Midnight, the witching hour, a time that William Shakespeare’s conflicted Prince Hamlet saw “churchyards yawn and hell itself breathe out contagion to the world.”
That’s exactly what happens in Arthur Miller’s classic tale of hysteria and extremism gone amok, “The Crucible,” just now in extraordinary revival at Matthew LaChiusa’s American Repertory Theater of Western New York, a basement venue perfect for the telling of dark and disturbing business.
Dark it is. Based on a true story, the time is 1692, the scene is the Massachusetts Bay Colony, specifically the village of Salem, a bastion of Puritanism, its residents both devoted to and afraid of the Lord God. One late night, a gaggle of teenage girls led by Abigail Williams gathered for a woodsy, ritualistic fireside dance – some say sans clothes – and there were, according to a hiding witness, the Reverend Parris, strange contortions, flailing arms, unworldly sounds and overall “iniquitous behavior.”
Soon after, the Reverend’s daughter, Betty, fainted and remained nearly comatose, causing great uproar in the town and almost immediate panic. Surely, Satan had paid an unwelcome visit to Salem in disguise, demonizing the innocent. The term “witch hunt” was probably born that night.
Among the doubters, particularly those familiar with the manipulative Abigail and impressionable young girls in general, was John Proctor, a hardworking, honest farmer; Giles Corey, town elder; and stalwart Rebecca Nurse. When “expert” help in determining if witchcraft was afoot in Salem arrived in the person of studious Reverend Hale, the townsfolk began to see Lucifer in everything and everybody. Neighbor turned against neighbor, old grudges resurfaced, jealousies proliferated. Hale, well-meaning but naïve, made things worse. The girls first exaggerated, then lied. Accusations flew – the accusers encouraged to “name names” – arrests followed. Any peccadillo was mistaken for witchery. Sin was wildly, uncontrollably on the loose in Salem.
It got worse. Death warrants were signed in bunches – history tells us that the final execution count was 28 people including Proctor, Corey and Nurse, and two dogs as well. Hundreds more languished in prison, falsely accused, some dying there.
Playwright Miller played fast and loose with what history has recorded in “The Crucible,” his characters real but in some cases composites. Proctor’s described affair with Abigail – key to the charges against him – is unlikely due to actual age differences.
Fascinating, though, is the unmistakable parallel of the Salem hysteria with the 1950’s House Un-American Activities Committee, chaired by Sen. Joseph McCarthy in extreme, find-the-commies fervor. Miller was caught up in it, subpoenaed and questioned along with many other literati and eventually cleared of any communist involvement, but not before being asked to, a la Salem, “name names.” For a while, a career tainted.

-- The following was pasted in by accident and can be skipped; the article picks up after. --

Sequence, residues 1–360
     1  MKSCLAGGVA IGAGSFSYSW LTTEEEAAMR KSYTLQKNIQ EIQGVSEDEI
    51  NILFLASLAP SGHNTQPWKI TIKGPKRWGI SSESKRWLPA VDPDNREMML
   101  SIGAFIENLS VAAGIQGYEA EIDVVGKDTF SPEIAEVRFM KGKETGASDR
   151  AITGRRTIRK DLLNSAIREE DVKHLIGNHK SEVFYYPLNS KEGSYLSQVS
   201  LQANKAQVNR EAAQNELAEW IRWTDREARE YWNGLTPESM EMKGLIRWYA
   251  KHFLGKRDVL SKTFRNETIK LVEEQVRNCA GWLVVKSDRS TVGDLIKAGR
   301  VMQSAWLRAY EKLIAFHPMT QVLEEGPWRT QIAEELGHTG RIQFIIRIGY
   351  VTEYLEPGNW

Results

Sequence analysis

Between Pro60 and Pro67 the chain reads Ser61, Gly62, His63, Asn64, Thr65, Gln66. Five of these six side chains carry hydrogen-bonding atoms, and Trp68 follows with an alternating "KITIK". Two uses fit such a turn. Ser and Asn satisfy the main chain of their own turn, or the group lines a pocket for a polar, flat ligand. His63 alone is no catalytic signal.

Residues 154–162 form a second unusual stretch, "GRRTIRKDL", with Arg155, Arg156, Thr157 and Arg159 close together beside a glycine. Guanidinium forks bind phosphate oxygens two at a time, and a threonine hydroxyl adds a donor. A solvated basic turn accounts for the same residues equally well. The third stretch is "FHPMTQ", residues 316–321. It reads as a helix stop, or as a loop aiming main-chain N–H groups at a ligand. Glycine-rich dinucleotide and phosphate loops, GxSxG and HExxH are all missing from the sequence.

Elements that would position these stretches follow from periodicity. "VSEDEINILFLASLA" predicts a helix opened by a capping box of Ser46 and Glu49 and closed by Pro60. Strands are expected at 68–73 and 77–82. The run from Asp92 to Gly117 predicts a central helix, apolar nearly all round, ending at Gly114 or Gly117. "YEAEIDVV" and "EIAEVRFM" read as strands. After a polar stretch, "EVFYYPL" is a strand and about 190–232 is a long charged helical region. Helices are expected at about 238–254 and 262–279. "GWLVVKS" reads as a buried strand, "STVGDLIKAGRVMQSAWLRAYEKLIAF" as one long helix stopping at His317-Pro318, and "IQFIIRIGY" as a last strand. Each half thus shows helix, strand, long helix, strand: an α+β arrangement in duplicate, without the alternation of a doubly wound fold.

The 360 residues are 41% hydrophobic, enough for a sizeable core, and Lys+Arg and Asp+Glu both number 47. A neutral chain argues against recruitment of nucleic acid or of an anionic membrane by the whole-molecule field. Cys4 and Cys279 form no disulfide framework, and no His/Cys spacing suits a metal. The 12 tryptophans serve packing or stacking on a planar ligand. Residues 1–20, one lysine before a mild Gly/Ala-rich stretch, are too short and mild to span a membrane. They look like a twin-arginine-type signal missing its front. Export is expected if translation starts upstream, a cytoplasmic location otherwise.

ART asked the astute Drew McCabe to direct “The Crucible,” which is indeed a cautionary tale. It was a brilliant idea, resulting in sage and superb work in a challenging space with a cast of 20 coming and going seamlessly on an Oriental-looking set (puzzling, the design is open to discussion). The story is told by some of the area’s top actors at the top of their game. This is electric, riveting theater.
If there have been more complete portrayals brought to life in the past several years on a Buffalo stage than Thomas LaChiusa’s John Proctor – a true tragic hero – and Christopher Standart’s presiding law officer, the deadly efficient Deputy Governor Danforth, my memory fails. LaChiusa’s wary and worried work, as he heads for the gallows if he doesn’t sign a false statement of devil worship, and Standart’s disciplined martinet’s judge and jury combined, are performances to be remembered. Impeccable.
Central others, each stellar, include Lisa Vitrano, Steve Brachmann, Sara Marioles Mitch (as temptress Abigail), Scot Kaitanowski, Jenny McCabe, Victor Morales, David Mitchell, Virginia Brannon, Shayna Raichilson-Zadok, Michael Breen, Danica Riddick and a cadre of bogus witches and various villagers. Excellent casting from top to bottom.
The play also is a logistical marvel; Katie Ludwig’s lighting designs are vital.
What: “The Crucible”
Where: Church of the Ascension, 18 Linwood Ave.